Great War Theatre

Examiner of Plays' Summary:

An episode of the war and pleasant after the stereotyped brutality we have generally received in that it presents a German officer as a man with decent feelings. He comes to a farm - apparently near Soissons - and behaves himself roughly but without brutality, and speaks humanly to the farmer and his wife about his own wife and child. He goes to sleep and in the night the farmer's little daughter creeps into the room out of curiosity to see him. It is pitch dark and he, suspecting treachery, hits out with the butt end of his revolver. When he gets a light he sees that (as he supposes) he has unwittingly killed a child. He is full of remorse and goes out. The farmer and his wife enter and also think the child is dead; they suppose the German officer had murdered her and curse him. Later, after a skirmish outside, he is brought in on a stretcher by French soldiers. The farmer, maddened with grief, goes to kill him and is stopped by a doctor. Then it appears that the child is only stunned and the dying German explains and dies in peace with the good people. Painful, but decent and human.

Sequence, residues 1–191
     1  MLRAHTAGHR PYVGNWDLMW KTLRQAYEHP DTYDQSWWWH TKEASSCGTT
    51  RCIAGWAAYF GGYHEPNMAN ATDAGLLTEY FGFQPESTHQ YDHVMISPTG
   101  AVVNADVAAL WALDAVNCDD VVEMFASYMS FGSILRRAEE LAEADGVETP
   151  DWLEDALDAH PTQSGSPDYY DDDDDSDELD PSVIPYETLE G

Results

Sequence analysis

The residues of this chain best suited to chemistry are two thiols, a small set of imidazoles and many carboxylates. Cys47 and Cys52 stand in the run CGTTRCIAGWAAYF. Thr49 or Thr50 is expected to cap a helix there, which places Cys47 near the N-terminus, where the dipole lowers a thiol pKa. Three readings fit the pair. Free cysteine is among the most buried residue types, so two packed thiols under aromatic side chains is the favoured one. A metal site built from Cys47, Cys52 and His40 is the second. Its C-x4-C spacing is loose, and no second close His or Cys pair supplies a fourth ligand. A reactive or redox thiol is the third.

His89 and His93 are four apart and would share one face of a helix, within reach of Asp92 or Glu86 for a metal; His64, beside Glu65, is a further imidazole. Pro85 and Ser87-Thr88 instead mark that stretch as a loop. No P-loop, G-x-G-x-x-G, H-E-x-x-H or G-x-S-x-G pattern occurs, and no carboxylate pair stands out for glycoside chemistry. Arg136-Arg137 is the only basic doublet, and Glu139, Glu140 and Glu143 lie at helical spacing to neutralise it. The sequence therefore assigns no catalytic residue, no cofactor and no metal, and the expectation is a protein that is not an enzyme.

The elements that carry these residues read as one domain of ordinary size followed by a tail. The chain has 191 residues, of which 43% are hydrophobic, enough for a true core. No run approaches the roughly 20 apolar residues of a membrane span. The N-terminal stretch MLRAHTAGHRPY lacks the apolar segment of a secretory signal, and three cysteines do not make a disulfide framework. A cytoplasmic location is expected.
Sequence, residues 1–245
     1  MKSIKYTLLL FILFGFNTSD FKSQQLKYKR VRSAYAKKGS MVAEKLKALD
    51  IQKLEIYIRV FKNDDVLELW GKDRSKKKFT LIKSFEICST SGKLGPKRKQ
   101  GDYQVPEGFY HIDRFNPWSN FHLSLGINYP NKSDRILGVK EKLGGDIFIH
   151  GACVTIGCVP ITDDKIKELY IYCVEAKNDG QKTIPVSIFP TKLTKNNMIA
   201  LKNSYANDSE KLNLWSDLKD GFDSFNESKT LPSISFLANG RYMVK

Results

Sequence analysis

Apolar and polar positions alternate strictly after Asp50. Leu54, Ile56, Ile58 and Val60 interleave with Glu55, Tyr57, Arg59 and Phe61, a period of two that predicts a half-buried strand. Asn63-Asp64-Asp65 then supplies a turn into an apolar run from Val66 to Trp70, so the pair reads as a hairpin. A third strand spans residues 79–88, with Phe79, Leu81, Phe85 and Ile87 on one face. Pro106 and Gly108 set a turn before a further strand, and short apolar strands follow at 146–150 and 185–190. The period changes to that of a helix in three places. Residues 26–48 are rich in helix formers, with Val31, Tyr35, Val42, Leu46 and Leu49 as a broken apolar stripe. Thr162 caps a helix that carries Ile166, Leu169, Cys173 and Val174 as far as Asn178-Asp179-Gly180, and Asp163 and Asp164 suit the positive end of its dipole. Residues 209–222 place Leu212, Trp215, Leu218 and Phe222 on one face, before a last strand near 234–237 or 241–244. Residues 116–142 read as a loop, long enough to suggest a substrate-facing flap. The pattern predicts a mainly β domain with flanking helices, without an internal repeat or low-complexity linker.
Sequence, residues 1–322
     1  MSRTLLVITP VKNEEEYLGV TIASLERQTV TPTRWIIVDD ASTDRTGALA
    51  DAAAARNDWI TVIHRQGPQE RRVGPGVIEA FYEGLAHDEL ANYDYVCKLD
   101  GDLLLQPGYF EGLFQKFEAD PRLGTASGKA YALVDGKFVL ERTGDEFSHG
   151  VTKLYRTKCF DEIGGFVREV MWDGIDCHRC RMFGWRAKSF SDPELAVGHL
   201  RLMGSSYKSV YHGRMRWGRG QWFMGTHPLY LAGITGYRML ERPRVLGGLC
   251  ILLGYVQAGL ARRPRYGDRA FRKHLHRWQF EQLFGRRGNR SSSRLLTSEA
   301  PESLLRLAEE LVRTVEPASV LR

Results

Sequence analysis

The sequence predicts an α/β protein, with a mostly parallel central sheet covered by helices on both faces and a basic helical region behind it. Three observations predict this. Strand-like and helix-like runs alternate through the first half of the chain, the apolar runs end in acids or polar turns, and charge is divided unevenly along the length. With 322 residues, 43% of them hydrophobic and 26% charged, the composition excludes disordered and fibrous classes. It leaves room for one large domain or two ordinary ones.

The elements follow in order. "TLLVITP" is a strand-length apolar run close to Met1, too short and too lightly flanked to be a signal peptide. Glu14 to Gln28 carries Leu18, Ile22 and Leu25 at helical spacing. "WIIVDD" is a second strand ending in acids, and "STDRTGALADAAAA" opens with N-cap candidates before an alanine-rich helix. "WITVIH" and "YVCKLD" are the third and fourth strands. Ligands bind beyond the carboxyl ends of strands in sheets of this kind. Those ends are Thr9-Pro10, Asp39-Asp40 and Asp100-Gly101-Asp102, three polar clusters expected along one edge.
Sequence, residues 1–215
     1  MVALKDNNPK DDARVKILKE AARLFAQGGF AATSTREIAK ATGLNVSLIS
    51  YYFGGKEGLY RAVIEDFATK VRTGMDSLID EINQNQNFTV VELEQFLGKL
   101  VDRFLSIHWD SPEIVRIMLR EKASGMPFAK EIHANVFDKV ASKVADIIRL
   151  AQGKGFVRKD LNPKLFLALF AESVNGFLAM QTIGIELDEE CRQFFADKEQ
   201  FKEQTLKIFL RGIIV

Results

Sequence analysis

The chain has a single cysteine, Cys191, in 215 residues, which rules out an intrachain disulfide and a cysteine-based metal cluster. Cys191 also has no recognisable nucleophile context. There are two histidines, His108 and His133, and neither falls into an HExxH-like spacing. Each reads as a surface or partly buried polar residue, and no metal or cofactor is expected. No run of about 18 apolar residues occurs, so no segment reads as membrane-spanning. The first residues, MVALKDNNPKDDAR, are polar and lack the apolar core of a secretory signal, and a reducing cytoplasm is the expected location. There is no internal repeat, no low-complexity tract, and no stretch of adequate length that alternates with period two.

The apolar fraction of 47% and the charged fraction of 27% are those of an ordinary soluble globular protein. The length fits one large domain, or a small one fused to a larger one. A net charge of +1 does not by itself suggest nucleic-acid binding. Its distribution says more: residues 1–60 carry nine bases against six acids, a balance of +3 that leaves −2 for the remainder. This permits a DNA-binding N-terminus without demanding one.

Researcher's Summary:

A performance of this play took place the week of 30 November 1914 at the Bedford. The music was by A. Lieth. It appears to have been the only time the play was staged.

Licensed On: 25 Nov 1914

License Number: 3039



British Library Reference: LCP1914/34

British Library Classmark: Add MS 66082 H


30 Nov 1914 Bedford Palace, Camden, LondonUnknown Licensed Performance